The world is changing—that isn’t news. Thanks to technology, jobs are disappearing, new ones are being created, and new products are changing the way we do even the most minute everyday tasks. And of course, it’s changing how we advertise, too.
At this year’s ANA Masters of Marketing Week, Geoff Ramsey, chief content officer and co-founder of eMarketer, gave a presentation about the hottest emerging trends that are set to shake up the marketing industry. If you couldn’t be at Ramsey’s Orlando talk in person, we’ve rounded up the biggest revelations from his chat about marketing trends and changes below.
Facebook and Google control the lion’s share of the digital advertising market.
This, of course, isn’t news either. But what’s staggering is how much of the market they control compared to other major media brands. Snapchat, for example, has 0.6 percent of the market share, while Facebook has 20.6 percent and Google has 37.1 percent, while Twitter is at just 1 percent.
But don’t count out Amazon.
Though fellow tech juggernaut Amazon only controls 4.1 percent—according to Ramsey, that’s the third highest percentage after the big two—it’s growing fast. In 2018, Amazon’s digital ad revenue is expected to grow a whopping 144.5 percent, to $4.61 billion, up from last year’s $1.88 billion. Ramsey says this is, in part, thanks to Amazon’s programmatic ad buying.
Digital video may be growing, but it hasn’t dwarfed TV just yet.
Seventy-five percent of the average time an adult watches video per day is still spent watching television, according to an eMarketer study. It’s how we watch TV that’s changing, Ramsey said, thanks to the growing popularity of services like Netflix and HBO Now, and devices such as Roku and Apple TV. The bad news for marketers? These changes are making consumers more likely to try and avoid ads; 58 percent of people are more likely to stream programming to their TVs in an effort to avoid ads.
And the trend toward streaming isn’t going away: 52 percent of time adults spend viewing TV content is through streaming, according to IAB, while the percentage of people who pay for cable TV is shrinking every year. By 2022, the number of OTT (over the top) television viewers (watching through the use of websites like Netflix and Hulu) is expected to surpass pay TV viewership.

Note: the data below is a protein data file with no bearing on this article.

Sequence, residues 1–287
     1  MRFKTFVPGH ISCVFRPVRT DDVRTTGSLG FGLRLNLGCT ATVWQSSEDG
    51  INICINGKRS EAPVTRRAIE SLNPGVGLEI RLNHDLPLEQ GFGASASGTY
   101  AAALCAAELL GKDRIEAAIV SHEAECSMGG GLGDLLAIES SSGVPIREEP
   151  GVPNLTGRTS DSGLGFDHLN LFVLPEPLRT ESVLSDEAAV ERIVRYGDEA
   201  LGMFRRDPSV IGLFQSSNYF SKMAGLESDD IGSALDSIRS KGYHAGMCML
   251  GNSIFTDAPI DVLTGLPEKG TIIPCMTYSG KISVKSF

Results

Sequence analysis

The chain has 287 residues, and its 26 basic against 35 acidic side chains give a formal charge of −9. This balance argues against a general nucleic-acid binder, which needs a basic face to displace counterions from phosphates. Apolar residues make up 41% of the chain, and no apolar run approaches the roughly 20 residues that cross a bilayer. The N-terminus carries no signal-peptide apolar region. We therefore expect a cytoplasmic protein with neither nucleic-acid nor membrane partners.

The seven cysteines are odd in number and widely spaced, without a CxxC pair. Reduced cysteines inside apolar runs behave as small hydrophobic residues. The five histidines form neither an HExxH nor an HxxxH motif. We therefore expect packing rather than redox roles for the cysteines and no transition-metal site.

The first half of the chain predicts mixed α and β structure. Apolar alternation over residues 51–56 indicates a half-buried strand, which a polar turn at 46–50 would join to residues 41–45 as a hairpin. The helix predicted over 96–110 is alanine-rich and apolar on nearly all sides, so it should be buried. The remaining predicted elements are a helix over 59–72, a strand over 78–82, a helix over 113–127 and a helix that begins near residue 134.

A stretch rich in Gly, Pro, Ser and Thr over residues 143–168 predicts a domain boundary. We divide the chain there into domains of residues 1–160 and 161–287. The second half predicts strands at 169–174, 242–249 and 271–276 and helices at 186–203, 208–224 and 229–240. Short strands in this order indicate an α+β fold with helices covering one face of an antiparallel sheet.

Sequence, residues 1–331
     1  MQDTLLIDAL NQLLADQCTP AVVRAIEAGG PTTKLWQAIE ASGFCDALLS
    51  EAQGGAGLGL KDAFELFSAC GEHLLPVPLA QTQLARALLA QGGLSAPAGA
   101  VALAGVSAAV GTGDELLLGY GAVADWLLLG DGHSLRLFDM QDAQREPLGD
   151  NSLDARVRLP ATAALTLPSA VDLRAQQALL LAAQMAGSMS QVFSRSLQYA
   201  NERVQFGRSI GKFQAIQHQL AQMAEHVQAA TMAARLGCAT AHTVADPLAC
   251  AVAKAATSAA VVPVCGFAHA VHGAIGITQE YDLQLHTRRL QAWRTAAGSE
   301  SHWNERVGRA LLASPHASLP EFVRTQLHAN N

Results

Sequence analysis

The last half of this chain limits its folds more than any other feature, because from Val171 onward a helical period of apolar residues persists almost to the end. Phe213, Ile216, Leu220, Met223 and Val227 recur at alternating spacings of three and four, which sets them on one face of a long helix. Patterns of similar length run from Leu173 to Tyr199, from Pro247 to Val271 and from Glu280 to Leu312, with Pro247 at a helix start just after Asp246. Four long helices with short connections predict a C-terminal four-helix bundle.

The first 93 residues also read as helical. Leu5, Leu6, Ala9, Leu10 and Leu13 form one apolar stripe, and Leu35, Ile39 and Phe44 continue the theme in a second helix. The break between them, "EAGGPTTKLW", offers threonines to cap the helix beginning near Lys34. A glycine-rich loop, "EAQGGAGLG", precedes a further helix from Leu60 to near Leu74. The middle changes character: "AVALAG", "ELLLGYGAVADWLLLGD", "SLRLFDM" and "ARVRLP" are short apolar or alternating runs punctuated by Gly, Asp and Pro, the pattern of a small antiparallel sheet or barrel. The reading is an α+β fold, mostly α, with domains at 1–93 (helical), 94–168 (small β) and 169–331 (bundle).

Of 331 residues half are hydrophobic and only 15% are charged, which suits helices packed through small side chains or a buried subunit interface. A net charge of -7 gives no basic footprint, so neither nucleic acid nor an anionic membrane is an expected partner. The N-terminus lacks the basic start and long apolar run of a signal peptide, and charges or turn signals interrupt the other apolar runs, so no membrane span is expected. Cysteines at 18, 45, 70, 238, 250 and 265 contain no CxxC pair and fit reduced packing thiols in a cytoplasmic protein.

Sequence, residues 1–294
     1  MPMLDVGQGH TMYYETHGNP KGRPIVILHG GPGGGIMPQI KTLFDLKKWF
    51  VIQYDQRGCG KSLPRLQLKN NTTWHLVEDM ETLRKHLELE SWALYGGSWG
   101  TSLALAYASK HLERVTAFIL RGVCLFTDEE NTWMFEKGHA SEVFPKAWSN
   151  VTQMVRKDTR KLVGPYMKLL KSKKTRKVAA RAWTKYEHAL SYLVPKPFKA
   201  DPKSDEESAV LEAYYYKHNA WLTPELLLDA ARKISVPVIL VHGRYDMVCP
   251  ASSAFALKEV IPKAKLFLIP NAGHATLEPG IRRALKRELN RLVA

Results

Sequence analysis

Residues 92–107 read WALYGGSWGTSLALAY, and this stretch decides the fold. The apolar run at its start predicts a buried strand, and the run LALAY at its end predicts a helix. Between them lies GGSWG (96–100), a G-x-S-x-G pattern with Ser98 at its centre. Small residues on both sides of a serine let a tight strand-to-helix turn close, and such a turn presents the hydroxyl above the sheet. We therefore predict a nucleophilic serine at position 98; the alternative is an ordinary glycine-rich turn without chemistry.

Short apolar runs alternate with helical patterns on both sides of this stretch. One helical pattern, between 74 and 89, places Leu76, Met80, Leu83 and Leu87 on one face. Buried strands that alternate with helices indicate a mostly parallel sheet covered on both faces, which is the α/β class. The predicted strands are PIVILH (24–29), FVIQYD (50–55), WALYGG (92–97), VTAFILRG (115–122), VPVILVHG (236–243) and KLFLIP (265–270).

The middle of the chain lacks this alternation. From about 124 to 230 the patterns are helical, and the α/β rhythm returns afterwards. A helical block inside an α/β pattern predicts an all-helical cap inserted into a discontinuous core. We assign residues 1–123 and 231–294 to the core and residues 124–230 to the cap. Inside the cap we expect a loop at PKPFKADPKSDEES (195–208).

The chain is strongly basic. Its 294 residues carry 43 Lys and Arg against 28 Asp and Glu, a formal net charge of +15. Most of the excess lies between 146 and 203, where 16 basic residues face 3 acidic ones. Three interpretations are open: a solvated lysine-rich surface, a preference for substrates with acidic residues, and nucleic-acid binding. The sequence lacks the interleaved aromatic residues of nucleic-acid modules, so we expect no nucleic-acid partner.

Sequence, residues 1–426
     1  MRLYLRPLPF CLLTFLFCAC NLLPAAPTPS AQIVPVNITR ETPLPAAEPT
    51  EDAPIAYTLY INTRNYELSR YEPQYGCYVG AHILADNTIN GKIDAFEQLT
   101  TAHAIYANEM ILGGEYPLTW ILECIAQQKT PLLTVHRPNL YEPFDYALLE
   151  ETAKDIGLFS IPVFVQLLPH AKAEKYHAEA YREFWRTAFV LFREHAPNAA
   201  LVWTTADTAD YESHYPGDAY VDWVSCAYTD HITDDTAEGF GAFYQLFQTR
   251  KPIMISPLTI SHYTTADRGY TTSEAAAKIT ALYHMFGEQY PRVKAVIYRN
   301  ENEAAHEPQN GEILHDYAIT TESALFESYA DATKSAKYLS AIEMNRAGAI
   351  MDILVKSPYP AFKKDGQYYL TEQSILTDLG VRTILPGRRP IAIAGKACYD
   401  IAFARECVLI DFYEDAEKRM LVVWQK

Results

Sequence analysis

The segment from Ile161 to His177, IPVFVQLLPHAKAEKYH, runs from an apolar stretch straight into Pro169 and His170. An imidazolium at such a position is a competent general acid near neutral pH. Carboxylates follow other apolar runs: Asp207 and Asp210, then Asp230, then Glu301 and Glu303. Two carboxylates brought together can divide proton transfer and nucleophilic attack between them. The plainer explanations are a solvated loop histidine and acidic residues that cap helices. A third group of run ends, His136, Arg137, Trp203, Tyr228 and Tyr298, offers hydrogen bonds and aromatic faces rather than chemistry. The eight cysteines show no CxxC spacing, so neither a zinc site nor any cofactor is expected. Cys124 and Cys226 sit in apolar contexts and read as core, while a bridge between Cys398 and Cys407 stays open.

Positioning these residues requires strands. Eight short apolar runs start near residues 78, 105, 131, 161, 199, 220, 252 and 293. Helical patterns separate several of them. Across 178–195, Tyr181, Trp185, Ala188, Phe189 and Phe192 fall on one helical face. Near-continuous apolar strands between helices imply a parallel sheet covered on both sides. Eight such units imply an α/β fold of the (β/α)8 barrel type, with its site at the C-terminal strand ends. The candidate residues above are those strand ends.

And the ad market hasn’t caught up.
All signs point to a shift toward OTT that will eventually surpass traditional television, and marketers need to make the shift, too. This year, ad spending on broadcast and cable will add up to $69.87 billion, while digital video (including streaming platforms) is at $27.82 billion, according to eMarketer. And the study predicts that even by 2022, the digital video ad market will still be lagging behind. However, it’s not OTT TV that’s making the majority of digital video ad spending now—it’s social media. Ramsey says we can expect to see that change in the coming years. “That’s the big kahuna now,” Ramsey said of social media video. “But watch for OTT and connected TV to start rising fast.”
The video ad market is changing rapidly, but brands can keep up. Said Ramsey: “There’s a bunch of obstacles, but they will be overcome.”
AI will bring a tidal wave of change.
We’re already hearing about and seeing what that change will be, but Ramsey elaborated during his ANA presentation on how it will affect marketers in particular. Five in six Americans already own a product or use a service that works with some sort of artificial intelligence, whether that’s Amazon’s Echo or Apple’s Siri. But Ramsey says the real power it’ll give marketers is the opportunity to further personalize a brand experience for a consumer. “It’s capable of parsing massive, gazillion amounts of data that no human can possibly do,” he said. With that data, companies can design experiences that better fit a consumer’s needs. It’s no longer a mobile-first world, said Ramsey. It’s an AI-first world.
That includes the rise of voice.
Devices like the Amazon Echo and Google Home are only the beginning, and we haven’t yet seen their full potential, Ramsey said. “What is driving surge in voice-activated devices?” he said. “It’s very obvious. It’s because you don’t have to text. You don’t have to type, you just talk. Talking is easier than putting your hands on your keyboard.” Voice-activated products will help people to buy goods and services—28.2 percent of people already use their Echo to do so, according to eMarketer.
For brands, it should be seen as a utility, not another place to put ads. Ramsey said that it can be a great place to increase brand engagement, pointing to partnerships like Capital One’s with Amazon, and allow users to connect with a brand in a new way.
AR and VR are moving into the mainstream.
Just as voice is becoming a bigger part of our technology, so are augmented and virtual reality. And it can’t be ignored: Only 15.5 percent of people use it now, but that number is set to grow to 20 percent by 2020. “That’s pretty significant growth,” said Ramsey.
This is an area that marketers haven’t yet made a major splash in, Ramsey said, citing studies that show only 5 to 12 percent of American companies are using in it in their marketing. Snapchat is likely one of the best known—think of their AR-powered filters, like a partnership with Taco Bell that put an image of a taco over a person’s face using facial recognition technology.
For AR, VR and many of these other growing trends, it’s about embracing something as a standard in today’s world. As Ramsey said: “In the here and now, we need to pay attention to this. There’s a huge pivot in the novelty of the cool effect to actual utility.”